The Division of Inclusion and Equity may be housed on the fourth floor of Zumberge Hall, yet its reach touches nearly all aspects of living, working and learning at Grand Valley.
The division celebrates its 10th anniversary throughout 2018. When it was created, Grand Valley was the first institution of its size to dedicate a division led by a vice president to inclusive efforts. At the time, President Thomas J. Haas said creating a diverse campus environment fit with the university's mission of offering a liberal education, as diversity is essential to shaping intellect, creativity and cultural competence.
The division's umbrella is wide and encompasses programs, offices and initiatives that lead compliance efforts and serve the needs of students, faculty and staff members from underrepresented communities.
Meet students who are affiliated with the division and its offices on these pages. They describe how they found their place on a campus of 25,000 students, and how joining student groups or learning solid study habits has helped them to feel grounded, comfortable and ready for success.
When Zoë Kaufman left the Chicago area to attend Grand Valley, she also left her Jewish community. She was initially OK with that decision.
"Jewish individuals in West Michigan stand out because there's not a big community here," she said. "By the time I was a sophomore, I was like, 'Where are the Jews?' I was feeling isolated and missing my community."
Kaufman quickly found her community by joining the university's Hillel chapter, the largest Jewish campus organization in the world. In fact, she learned she was elected chapter president while on a study abroad trip in Herzilya, Israel.
In January, Kaufman and other Hillel members organized a Shabbat dinner during Dr. Martin Luther King Jr. Commemoration Week by partnering with the African Student Council and Campus Interfaith Resources. Dinner conversation centered around King and Jewish civil rights leaders.
Kaufman said she never expected to be so involved in the Jewish community. "Being away from my culture taught me that I missed my community," she said. "I'm grateful for the resources at Grand Valley and the other student groups we connect with."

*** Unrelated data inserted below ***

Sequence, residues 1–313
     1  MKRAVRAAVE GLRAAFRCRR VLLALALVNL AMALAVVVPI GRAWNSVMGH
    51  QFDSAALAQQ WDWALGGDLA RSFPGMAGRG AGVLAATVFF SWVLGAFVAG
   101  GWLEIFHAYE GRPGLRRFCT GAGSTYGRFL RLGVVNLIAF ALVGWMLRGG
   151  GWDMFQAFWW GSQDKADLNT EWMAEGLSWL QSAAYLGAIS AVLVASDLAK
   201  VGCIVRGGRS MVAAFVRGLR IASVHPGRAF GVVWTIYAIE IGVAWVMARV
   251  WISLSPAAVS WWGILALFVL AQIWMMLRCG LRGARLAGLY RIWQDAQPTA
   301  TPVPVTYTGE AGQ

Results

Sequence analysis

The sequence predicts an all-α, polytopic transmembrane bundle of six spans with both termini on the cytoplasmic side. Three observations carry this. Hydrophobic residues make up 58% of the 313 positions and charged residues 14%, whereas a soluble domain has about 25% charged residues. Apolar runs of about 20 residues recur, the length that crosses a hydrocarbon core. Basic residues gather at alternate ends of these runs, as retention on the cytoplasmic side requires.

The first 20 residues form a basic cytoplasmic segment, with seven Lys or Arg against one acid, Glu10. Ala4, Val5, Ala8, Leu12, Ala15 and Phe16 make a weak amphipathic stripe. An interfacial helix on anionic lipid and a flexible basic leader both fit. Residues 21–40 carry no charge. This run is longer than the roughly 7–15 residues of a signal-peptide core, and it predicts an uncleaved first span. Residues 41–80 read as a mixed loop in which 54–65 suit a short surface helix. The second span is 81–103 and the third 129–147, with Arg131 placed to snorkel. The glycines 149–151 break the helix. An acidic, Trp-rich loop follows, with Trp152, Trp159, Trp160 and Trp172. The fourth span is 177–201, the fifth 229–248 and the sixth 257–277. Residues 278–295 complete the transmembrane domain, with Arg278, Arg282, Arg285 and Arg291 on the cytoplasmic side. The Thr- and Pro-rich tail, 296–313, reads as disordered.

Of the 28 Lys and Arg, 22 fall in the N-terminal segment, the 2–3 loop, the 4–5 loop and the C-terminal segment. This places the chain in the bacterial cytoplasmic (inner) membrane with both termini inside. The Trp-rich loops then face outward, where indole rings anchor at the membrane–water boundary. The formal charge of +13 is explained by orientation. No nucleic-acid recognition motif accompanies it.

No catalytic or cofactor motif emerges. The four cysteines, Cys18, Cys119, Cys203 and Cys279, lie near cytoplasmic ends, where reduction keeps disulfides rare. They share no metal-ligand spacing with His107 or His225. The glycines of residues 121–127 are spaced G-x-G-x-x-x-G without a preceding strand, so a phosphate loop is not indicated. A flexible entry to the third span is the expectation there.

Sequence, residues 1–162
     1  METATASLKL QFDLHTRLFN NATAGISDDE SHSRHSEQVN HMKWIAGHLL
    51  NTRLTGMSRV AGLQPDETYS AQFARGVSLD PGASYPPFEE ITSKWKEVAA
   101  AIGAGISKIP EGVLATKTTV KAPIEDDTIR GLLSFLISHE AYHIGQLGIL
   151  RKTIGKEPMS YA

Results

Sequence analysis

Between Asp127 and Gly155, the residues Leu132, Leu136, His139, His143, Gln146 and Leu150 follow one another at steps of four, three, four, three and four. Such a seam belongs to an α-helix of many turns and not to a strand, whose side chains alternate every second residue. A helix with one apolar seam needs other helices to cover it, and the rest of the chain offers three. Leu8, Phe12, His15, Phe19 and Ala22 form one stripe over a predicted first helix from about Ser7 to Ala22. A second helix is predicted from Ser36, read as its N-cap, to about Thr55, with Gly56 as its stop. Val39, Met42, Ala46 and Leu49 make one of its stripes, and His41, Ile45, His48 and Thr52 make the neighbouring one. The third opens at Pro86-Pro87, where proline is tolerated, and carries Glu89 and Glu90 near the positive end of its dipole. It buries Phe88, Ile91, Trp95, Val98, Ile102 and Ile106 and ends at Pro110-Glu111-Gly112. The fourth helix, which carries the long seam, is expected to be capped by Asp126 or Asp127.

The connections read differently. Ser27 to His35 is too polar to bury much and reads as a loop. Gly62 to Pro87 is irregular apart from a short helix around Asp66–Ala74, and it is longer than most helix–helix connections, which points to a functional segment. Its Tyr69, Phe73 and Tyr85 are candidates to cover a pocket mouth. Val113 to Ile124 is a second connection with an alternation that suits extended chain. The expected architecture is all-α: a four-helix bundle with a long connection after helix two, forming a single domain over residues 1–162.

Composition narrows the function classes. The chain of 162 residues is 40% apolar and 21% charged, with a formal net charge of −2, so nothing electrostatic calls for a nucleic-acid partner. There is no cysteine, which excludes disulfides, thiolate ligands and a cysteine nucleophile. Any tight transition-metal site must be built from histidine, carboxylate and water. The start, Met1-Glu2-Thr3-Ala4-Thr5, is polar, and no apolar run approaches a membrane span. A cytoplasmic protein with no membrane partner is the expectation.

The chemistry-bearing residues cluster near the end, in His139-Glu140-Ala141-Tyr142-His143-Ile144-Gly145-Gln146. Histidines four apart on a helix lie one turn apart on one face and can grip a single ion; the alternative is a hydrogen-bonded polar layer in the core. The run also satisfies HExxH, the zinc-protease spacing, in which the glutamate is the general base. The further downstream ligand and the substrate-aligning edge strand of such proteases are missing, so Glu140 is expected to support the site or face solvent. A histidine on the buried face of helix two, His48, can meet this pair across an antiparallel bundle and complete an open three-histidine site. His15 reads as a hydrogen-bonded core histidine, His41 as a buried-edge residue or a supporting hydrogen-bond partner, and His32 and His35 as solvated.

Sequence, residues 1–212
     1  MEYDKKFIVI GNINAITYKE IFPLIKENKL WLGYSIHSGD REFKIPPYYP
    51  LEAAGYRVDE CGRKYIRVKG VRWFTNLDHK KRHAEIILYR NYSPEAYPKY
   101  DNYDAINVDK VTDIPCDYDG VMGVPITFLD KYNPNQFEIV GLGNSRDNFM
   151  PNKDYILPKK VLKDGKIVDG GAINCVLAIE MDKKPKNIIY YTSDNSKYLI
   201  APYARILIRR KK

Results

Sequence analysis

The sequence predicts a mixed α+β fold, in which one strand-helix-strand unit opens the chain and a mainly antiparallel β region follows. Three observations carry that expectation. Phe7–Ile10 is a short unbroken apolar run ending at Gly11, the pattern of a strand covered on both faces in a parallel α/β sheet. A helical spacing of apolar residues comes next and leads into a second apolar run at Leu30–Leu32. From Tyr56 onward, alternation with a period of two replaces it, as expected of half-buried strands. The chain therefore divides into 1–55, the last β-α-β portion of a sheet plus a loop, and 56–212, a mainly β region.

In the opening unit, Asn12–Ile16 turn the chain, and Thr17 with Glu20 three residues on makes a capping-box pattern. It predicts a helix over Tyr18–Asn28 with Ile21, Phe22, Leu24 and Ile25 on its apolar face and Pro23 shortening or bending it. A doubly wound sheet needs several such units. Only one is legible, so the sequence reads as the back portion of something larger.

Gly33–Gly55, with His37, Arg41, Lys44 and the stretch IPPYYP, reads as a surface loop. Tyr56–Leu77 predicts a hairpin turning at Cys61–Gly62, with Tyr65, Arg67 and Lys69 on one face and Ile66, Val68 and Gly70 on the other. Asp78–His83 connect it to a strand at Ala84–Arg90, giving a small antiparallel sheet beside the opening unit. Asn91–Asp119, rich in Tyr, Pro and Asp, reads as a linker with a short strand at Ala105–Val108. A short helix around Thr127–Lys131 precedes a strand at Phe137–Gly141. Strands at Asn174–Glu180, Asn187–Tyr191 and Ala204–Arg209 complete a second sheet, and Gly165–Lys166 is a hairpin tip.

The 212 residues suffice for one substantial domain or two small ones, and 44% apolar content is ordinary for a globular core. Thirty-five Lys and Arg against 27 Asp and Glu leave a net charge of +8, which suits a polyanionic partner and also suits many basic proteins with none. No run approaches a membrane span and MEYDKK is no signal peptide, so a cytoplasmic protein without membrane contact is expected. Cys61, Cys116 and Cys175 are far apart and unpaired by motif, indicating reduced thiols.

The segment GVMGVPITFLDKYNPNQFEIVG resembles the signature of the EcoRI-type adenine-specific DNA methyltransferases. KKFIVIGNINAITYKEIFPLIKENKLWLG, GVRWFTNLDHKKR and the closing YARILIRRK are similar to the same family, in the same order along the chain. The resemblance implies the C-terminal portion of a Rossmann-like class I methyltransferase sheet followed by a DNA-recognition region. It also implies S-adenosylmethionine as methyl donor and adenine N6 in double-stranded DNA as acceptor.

Gerardo Vasquez once prepped a hamburger for celebrity chef Mario Batali, who was dining at the Lake Leelanau restaurant where Vasquez worked. Batali enjoyed it, but that's hardly Vasquezs only claim to fame.
While at Leland High School, Vasquez and his peers convinced the school's administration to cancel classes for a day and instead host "Stress Less, Live More" activities. "So, we brought in dogs to help students cope through pet therapy, we had an art room, a yoga room, a room where kids could play video games," he said.
Vasquez was one of two students of color at his high school; he sought out a college that offered diversity. A first-generation student, Vasquez attended a pre-academic institute before his first semester at Grand Valley. During that week-long institute, he said he not only learned to write a 20-page paper ("Now a five-page paper seems like a breeze," he said.), he learned the importance of getting to know faculty members and using university resources.
He's also pleased he can cook. "Most students live on ramen, but I can make an omelet or a burger," he said.
James Williams has laser focus when he talks about a career. He wants to be a talent scout for a music label.
"As an A&R (artist and repertoire) rep, I would research the trends and find artists who could follow those trends or make their own trends," he said.